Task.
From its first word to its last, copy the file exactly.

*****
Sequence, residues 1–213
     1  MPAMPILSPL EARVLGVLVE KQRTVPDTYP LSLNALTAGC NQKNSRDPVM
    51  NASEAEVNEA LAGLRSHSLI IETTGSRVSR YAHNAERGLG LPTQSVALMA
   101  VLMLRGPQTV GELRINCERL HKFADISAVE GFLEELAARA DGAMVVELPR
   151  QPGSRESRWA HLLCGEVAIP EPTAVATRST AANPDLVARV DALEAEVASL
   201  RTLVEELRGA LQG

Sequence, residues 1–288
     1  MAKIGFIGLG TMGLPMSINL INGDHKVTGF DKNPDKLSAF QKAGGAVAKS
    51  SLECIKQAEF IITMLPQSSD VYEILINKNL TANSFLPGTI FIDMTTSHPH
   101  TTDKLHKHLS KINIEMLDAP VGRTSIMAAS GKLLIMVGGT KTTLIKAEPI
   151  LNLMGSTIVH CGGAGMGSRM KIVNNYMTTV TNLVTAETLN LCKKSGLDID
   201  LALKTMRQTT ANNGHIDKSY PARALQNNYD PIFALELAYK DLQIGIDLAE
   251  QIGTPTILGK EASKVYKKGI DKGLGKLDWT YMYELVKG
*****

Sequence, residues 1–213
     1  MPAMPILSPL EARVLGVLVE KQRTVPDTYP LSLNALTAGC NQKNSRDPVM
    51  NASEAEVNEA LAGLRSHSLI IETTGSRVSR YAHNAERGLG LPTQSVALMA
   101  VLMLRGPQTV GELRINCERL HKFADISAVE GFLEELAARA DGAMVVELPR
   151  QPGSRESRWA HLLCGEVAIP EPTAVATRST AANPDLVARV DALEAEVASL
   201  RTLVEELRGA LQG

Sequence, residues 1–288
     1  MAKIGFIGLG TMGLPMSINL INGDHKVTGF DKNPDKLSAF QKAGGAVAKS
    51  SLECIKQAEF IITMLPQSSD VYEILINKNL TANSFLPGTI FIDMTTSHPH
   101  TTDKLHKHLS KINIEMLDAP VGRTSIMAAS GKLLIMVGGT KTTLIKAEPI
   151  LNLMGSTIVH CGGAGMGSRM KIVNNYMTTV TNLVTAETLN LCKKSGLDID
   201  LALKTMRQTT ANNGHIDKSY PARALQNNYD PIFALELAYK DLQIGIDLAE
   251  QIGTPTILGK EASKVYKKGI DKGLGKLDWT YMYELVKG